Alice Neville meets the creators who are making television magic with te reo.

If you should ever find yourself in the bush at night, or perhaps on a misty mountaintop at dusk, do keep an eye out for the patupaiarehe. According to Māori lore, these mysterious spiritual beings largely keep to themselves, but the few folk who have glimpsed them say they're human-like, with pale skin and fair hair - a strange sight indeed to pre-European Māori.

With their magical powers and hypnotic flute-playing abilities, it's no wonder that patupaiarehe, who are often described in English as woodland fairies or sprites, have captured the imagination of many over the years (a quick Google search will reward you with hours of intrigue). Nicole Hoey is one of them.

Hoey (Ngāti Kahu) is the founder of Cinco Cine Film Productions, an Auckland-based television production company with a big focus on te reo programming. An idea for a kids' show based in nature had been simmering away in her brain for some time, and - setting aside their less-cute attributes, like a penchant for abducting attractive wāhine and the foul stench some say they leave in their wake - patupaiarehe provided the perfect inspiration.


But a decade passed between that first germ of an idea and the finished product, Tākaro Tribe (tākaro means "play" in te reo Māori). "The characters were all here," says Hoey, pointing to her head, "and then it was the format that took us a while."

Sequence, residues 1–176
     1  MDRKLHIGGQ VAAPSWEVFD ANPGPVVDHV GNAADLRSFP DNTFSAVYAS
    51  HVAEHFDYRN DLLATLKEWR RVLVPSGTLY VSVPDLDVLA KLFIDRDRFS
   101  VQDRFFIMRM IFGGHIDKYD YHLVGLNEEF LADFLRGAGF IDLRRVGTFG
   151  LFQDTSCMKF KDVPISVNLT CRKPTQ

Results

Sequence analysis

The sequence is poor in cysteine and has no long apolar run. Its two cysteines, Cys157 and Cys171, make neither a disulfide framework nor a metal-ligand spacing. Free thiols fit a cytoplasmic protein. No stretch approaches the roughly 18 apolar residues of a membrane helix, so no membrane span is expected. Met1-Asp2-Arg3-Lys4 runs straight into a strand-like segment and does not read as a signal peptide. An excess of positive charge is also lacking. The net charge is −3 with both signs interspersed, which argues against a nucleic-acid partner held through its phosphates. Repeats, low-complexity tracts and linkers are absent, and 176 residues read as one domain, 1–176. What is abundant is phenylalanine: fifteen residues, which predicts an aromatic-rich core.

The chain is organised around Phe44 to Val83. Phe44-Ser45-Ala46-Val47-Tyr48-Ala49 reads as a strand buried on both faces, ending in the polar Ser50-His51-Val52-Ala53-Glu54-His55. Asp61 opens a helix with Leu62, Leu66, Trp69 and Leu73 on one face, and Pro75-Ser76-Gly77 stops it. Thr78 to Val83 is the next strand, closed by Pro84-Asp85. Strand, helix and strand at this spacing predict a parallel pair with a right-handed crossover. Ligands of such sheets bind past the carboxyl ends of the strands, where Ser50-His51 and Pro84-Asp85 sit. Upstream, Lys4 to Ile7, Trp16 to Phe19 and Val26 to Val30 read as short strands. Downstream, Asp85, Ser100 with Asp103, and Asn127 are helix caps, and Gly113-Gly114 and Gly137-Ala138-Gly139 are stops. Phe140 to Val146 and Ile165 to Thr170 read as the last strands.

That format is an animated series, aimed at preschoolers, focusing on the adventures of "Ngāti Tākaro" - five adorably chubby, toddler-esque patupaiarehe siblings who look a bit like Māori versions of Gumnut Babies.

Named A, E, I, O and U, they live in the enchanted Wāo Arapū (alphabet forest) and go on learning adventures, guided by Pāpā Rākau (tree father) and Kōkā (pond mother), meeting new bird and animal friends and enjoying plenty of waiata (singing) and kanikani (dancing) along the way. The patupaiarehe are named, of course, for the five Māori vowel sounds that are so crucial to nailing pronunciation.

Treehut base and kids.
Treehut base and kids.

"It's just getting those vowel sounds into their heads, and that makes learning the language so much easier," explains Hoey, who was inspired by the catchy "a ha ka ma na" song familiar to anyone who's been to school in New Zealand in recent decades, a version of which is the show's theme tune.

Early concepts involved each of the patupaiarehe having a twin whose name would be the long vowel equivalent of theirs, which in Māori is indicated by a macron or a double letter - so A's twin would be Ā or AA, E's Ē or EE and so on.

But it soon became clear that creating so many characters would require a "Disney budget", as Hoey puts it, so the idea was put on the back burner - but she hopes that in a future episode, the five patupaiarehe will visit a parallel universe and meet their twins.

Grand initial visions of Tākaro Tribe being "the Māori Dora the Explorer" were curbed somewhat by the aforementioned budget constraints, resulting in both concepts and the animation itself being simplified from earlier versions. The show has received funding through Te Māngai Pāho, the Māori broadcast funding agency, and Cinco Cine is currently going through the application process for funding for a third series (the first series of 20 12-minute episodes was released late last year, with a second series due out soon).

Tākaro Tribe merchandise - T-shirts, hats and talking patupaiarehe toys - sold through the show's website helps pay for it to be made too, says Hoey, but it's been a conscious decision to also have resources kids can access for free, such as downloadable colouring-in pages.

"It's just trying to make the language as accessible as possible," she says.

Encouraging a respect for the environment has also been a conscious decision, which is why the toys come in reusable bags and plastic is limited as much as possible. What's more, as the characters are further developed (short YouTube clips are being made to complement the TV series), they're going to have a passion for recycling, says Hoey.